The art of creating brands that promote other brands

| October 31, 2019

Before the internet transformed the world, branding was all about tangible things like packaging, logos and store designs.

But the digital age evolutionized and expanded this term. Now, some of the tops brands in the world–Facebook, Microsoft, and Snapchat–don’t have physical products, but they are brands recognized by millions- if not billions.

Think about it. Despite everything Facebook has been guilty of, most of us cannot simply quit the social network. Its pull is that strong –nay, its brand is that strong.

Plenty of service-oriented companies have demonstrated that you don’t need something that can be put in a box to become a brand.

However, many of these ventures have the advantage of offering a unique solution. And more importantly, they have the freedom to keep all the attention focused on themselves.

What about brands that market other brands?

Walmart is the number one company in the world by revenue. It employs 2,200,000 workers and has revenue that exceeds $514,405 million.

Being a retailer, the majority of Walmart’s revenue comes from marketing and selling brands by other companies. Amazon has a similar business model even though it’s more focused on the digital realm.

Since both Amazon and Walmart sell brands by other manufacturers, one would assume designing a powerful brand of their own would be difficult- if not impossible. After all, costumers focus more on the brand in their hand rather than the outlet selling it.

But it just so happens that branding is much more than logos, coloring schemes, and packaging.

Customer experience is a big part of the branding process. And this where both these companies have been able to change the game. Walmart with its affordability and Amazon with its convenience have managed to create powerful identities.

When you order headphones from Amazon and they’re delivered within two days –that’s the brand of Jeff Bezos’ retail giant.

But retailers aren’t the only ones faced with the challenge of crafting a brand while promoting other brands.

Enter the affiliate marketers

An affiliate’s job is to send traffic to another brand’s website. It promotes the advertiser’s offer using a blend of different tools. When users click on the said offer, the affiliate earns a commission.

Now, in order to send traffic elsewhere, the affiliate marketers first need clicks on their own website. And for that to happen, it needs to create a unique identity- It needs to create a brand.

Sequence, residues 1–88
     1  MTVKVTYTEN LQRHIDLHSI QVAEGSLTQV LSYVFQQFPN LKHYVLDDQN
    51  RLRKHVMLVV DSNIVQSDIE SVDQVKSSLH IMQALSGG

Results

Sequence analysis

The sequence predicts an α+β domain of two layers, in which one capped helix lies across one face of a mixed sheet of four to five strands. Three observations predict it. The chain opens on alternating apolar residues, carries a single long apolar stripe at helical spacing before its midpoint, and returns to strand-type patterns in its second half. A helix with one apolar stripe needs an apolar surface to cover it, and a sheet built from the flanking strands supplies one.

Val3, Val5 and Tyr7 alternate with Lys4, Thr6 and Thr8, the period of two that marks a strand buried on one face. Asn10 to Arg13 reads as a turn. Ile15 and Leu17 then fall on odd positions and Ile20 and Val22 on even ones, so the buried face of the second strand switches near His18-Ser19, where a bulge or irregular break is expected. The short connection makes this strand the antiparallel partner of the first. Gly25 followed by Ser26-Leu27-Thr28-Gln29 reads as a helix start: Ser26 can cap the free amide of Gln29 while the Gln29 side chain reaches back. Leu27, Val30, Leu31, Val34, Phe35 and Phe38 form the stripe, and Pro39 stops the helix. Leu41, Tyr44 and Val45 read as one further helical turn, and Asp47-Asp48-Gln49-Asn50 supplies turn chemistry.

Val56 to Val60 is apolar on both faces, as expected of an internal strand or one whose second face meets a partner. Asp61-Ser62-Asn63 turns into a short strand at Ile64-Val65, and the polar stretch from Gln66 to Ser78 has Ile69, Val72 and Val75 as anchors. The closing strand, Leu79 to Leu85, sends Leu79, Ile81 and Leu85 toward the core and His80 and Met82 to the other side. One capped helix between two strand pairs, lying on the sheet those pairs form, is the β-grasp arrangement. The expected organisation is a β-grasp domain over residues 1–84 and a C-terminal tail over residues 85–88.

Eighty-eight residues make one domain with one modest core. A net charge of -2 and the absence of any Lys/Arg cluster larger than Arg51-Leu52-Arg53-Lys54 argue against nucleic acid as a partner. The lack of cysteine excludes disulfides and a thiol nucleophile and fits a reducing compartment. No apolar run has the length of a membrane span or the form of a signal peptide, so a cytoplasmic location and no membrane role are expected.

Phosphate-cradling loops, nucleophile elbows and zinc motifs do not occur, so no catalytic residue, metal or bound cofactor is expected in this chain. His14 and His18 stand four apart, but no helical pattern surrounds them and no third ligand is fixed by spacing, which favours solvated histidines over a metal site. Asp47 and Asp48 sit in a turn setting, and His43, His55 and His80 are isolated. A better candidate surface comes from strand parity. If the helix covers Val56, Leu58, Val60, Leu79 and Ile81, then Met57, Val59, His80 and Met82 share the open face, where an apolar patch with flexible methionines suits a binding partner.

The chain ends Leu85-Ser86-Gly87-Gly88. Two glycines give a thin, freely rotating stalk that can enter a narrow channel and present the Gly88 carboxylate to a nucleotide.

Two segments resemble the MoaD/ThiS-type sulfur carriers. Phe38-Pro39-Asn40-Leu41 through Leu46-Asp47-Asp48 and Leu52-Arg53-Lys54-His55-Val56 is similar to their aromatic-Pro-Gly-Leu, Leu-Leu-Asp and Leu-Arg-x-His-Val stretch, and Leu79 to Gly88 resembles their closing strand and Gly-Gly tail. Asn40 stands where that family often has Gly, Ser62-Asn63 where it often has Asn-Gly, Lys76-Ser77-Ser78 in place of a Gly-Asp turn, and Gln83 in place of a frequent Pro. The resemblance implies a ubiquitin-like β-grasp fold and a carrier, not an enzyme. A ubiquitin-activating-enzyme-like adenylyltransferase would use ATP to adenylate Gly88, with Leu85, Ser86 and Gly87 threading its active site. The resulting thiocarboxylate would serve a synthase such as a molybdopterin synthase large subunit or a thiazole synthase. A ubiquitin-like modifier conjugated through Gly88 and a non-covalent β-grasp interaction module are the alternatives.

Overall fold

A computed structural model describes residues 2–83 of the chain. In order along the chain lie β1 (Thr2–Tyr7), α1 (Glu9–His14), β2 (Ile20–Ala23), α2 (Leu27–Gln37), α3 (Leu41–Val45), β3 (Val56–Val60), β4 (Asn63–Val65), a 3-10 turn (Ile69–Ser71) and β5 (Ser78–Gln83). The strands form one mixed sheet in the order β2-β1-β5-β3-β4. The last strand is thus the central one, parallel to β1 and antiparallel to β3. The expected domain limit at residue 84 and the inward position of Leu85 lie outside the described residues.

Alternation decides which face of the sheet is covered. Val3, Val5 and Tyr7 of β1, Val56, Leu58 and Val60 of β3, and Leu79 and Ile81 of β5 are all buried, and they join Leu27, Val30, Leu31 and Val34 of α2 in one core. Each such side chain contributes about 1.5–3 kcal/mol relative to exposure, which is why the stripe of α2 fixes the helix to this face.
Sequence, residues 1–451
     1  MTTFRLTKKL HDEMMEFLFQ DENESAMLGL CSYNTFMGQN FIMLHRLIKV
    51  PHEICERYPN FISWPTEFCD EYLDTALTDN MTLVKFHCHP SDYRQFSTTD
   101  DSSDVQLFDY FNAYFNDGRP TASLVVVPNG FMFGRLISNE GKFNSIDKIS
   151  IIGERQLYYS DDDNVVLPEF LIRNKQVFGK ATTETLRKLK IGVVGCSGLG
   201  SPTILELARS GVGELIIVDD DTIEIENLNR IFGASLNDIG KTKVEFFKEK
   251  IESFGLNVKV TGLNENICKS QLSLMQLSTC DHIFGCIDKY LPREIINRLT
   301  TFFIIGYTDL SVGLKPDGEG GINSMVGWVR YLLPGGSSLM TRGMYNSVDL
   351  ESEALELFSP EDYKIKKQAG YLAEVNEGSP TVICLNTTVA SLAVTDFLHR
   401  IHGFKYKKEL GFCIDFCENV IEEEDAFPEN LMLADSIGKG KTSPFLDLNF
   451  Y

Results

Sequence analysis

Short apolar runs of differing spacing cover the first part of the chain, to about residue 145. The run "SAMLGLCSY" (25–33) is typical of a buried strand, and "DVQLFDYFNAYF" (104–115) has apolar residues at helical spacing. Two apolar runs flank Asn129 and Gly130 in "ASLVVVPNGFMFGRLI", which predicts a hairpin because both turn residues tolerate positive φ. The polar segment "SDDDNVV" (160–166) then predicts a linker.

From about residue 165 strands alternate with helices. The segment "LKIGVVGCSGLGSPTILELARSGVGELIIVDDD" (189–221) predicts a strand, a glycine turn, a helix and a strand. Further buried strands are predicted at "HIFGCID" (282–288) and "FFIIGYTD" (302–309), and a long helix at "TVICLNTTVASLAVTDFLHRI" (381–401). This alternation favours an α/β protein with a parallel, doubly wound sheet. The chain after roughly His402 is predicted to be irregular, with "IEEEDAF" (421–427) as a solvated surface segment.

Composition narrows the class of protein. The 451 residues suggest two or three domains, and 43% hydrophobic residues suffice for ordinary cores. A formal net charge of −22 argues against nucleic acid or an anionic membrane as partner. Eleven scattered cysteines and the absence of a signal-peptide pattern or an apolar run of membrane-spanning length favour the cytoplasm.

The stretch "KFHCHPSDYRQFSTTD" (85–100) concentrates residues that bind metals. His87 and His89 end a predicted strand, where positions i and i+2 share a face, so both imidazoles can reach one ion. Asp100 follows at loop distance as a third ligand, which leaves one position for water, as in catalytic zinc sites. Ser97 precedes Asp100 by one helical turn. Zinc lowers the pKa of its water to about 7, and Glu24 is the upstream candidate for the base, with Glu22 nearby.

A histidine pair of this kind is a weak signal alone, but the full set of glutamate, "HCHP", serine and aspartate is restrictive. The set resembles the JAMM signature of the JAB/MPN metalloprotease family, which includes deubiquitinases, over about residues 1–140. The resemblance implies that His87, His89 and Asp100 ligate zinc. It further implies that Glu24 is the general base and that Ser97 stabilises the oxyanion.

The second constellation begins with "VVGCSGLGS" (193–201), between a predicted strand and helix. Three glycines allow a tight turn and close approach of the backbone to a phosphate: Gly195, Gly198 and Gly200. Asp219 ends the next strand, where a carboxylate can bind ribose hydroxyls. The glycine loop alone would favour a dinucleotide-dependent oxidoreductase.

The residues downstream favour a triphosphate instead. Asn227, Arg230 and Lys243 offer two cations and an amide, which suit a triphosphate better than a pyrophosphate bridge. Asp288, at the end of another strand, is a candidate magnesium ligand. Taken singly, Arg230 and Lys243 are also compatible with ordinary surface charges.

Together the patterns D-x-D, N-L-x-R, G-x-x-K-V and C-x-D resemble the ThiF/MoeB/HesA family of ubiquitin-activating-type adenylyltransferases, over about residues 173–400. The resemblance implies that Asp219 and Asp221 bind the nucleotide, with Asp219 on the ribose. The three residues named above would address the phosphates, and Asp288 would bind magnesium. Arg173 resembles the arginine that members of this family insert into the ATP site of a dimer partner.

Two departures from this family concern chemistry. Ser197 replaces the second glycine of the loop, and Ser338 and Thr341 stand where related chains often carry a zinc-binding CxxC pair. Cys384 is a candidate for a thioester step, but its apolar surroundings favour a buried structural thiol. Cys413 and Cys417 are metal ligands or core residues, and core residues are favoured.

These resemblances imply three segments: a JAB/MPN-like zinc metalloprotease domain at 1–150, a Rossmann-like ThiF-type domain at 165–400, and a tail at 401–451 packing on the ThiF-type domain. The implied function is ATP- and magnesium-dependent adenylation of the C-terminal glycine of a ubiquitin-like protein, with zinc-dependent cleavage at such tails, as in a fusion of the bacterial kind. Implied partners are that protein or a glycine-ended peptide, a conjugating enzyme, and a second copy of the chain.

One business working on the above model is EMUCoupon. As the name suggests, it’s a website that gives out coupon for a great variety of products and earns a cut whenever they’re used for purchase.

In order to create some buzz and reach out to an audience, EMUCoupon uses blogging as its weapon of choice. It crafts articles about money-saving, smart shopping and a slew of other topics to get visitors and promotes itself as a brand.

However, there are other ways to play the branding game for businesses like these.

Art of creating brands without products

If you’re someone set to create a product-less brand. Here’s how you can improve your chances of success.

  1. Focus on your brand personality

It doesn’t matter that you’re selling other brands from other parties. Your marketing efforts should reflect your brand personality. If you have a product review website, the image you should put forward should be one of a reliable person who’s a well-experienced shopper. Similarly, if you’re an online privacy blog, the entire outlook of your website should be something similar to the character of Elliot Alderson from Mr.Robot. This means your brand personality will be that of a smart and vigilant techie.

Although you’ll have no control over the personality of products being marketed, it’s important not to lose focus on the branding of your own business.

Authentic personalities can build a sustainable connection between consumers and businesses.  If you remain focused on your mission, values, and culture, creating an authentic personality shouldn’t be an issue.

  1. Market yourself, not just the products

Once you’ve created a personality, the next logical step is to market it on all possible channels. Create YouTube videos, write blog posts, engage with the public on social media, start a podcast or two. Do everything in your power to increase the company’s digital footprint.

It’s all about getting your message out there.

People should see your business separately from the products being marketed. Branding is not just about what you do–but who you are.

  1. Consistency is the key

Brands cannot afford to have mood swings. If you’ve crafted a personality and are marketing it on all possible forums –keep at it. Inconsistency such as regular logo changes and sharing super-serious content while your image is that of a fun-loving personality goes against the spirit of branding.

Consistent imagery and messaging that aligns with your company’s value makes is good for business. Even if there’s a change in the business model, it should be imposed gently over a period of time on your marketing endeavors. Otherwise, the confusion will cause customers to turn away.


Companies with their own products approach branding differently than non-product ventures. Some might say creating brands for the former is much easier than the latter. However, in any case, the fundamentals of branding remain the same.

By designing a personality, marketing it fervently and maintaining consistency, even business that market other products can create a powerful brand. It’s all about placing yourself in the customer’s mind and building a powerful bond. Get this right and success will follow.